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A valid Catholic marriage can be dissolved if it has not been consummated (if the couple has not had sex after marriage, with some additional rules). This is generally determined to be the case if the couple has not lived together.

Assuming a couple is known to have had sex / lived together at some point before marriage (fornication in Canon Law terms), but not after, would the marriage be considered to have been consummated? Or could it be dissolved on a ratum sed not consummatum basis?

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    How can a marriage be consummated (from Latin,"completed", "achieved", "perfected") before it exists? – Andrew Leach Aug 3 '17 at 16:23
  • Are you asking whether sexual relations make a marriage? – Geremia Aug 3 '17 at 20:25
  • No, I'm asking if a marriage where the couple had sex before the marriage, but not after marriage, counts as consummated. Basically, whether the state of consummation refers to the time of the marriage or the total relationship between the people in it. – pidan_dan Aug 3 '17 at 20:38
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Quite simply, in order for a marriage to be consummated, it must first exist. Sexual activity between two unmarried people does not somehow "carry over" after they marry each other. Their activity is the sin of fornication:

Fornication is carnal union between an unmarried man and an unmarried woman. It is gravely contrary to the dignity of persons and of human sexuality, which is naturally ordered to the good of spouses and the generation and education of children.

(Catechism of the Catholic Church paragraph 2353)

A sinful activity has no relation to an activity which is not only not a sin, but part of the purpose of a state ordained by God.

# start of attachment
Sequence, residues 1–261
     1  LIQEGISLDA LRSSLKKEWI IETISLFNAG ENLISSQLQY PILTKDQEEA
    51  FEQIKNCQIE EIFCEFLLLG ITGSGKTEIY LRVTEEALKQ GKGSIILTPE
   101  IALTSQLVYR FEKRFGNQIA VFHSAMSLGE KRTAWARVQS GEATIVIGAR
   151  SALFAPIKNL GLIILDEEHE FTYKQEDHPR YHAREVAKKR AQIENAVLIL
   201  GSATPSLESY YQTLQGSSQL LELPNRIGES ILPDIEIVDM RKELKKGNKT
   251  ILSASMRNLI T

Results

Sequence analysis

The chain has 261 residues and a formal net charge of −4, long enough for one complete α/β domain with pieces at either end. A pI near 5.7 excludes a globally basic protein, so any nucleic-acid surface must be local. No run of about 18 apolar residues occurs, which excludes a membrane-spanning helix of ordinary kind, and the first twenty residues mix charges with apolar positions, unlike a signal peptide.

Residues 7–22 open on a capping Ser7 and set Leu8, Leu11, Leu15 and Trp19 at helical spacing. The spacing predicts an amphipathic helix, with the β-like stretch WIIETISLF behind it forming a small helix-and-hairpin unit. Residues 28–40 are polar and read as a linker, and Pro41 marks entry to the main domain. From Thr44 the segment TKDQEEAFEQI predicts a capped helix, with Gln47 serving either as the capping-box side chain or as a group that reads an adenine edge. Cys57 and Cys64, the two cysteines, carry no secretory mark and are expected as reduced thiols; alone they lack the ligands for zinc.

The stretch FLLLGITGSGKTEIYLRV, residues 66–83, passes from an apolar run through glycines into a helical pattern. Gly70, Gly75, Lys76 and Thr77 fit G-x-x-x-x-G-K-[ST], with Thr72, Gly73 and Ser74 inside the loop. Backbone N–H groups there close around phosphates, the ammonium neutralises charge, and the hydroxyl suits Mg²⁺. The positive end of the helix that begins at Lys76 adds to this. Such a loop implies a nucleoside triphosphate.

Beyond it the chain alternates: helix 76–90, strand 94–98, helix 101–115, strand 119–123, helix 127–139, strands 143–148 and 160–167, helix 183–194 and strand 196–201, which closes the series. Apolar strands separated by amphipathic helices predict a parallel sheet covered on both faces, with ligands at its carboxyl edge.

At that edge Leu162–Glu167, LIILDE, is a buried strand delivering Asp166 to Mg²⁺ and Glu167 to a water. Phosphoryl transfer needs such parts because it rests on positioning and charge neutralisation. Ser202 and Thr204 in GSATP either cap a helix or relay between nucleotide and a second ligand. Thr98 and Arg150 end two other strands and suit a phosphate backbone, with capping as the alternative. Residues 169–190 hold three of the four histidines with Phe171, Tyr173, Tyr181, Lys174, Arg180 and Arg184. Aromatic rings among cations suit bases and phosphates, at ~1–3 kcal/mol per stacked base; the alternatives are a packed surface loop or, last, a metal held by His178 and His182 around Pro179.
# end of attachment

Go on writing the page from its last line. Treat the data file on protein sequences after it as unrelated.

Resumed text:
The difference is that marriage involves a total giving of each spouse to each:

"Conjugal love involves a totality, in which all the elements of the person enter—appeal of the body and instinct, power of feeling and affectivity, aspiration of the spirit and of will. It aims at a deeply personal unity, a unity that, beyond union in one flesh, leads to forming one heart and soul; it demands indissolubility and faithfulness in definitive mutual giving; and it is open to fertility."

(Catechism paragraph 1643. The quote is from Pope St. John Paul II's apostolic exhortation "Familiaris Consortio".)

Sex without marriage is not the full mutual giving that marriage demands; it's a different kind of activity than sex in marriage—no matter what the intentions of the participants are at the time. Thus, only sexual activity undertaken after marriage can be considered a consummation of the marriage, and then only a certain kind:

A valid marriage between the baptized is called ratum tantum if it has not been consummated: it is called ratum et consummatum if the spouses have performed between themselves in a human fashion a conjugal act which is suitable in itself for the procreation of offspring.... by which the spouses become one flesh.

(Code of Canon Law, Canon 1061 section 1)

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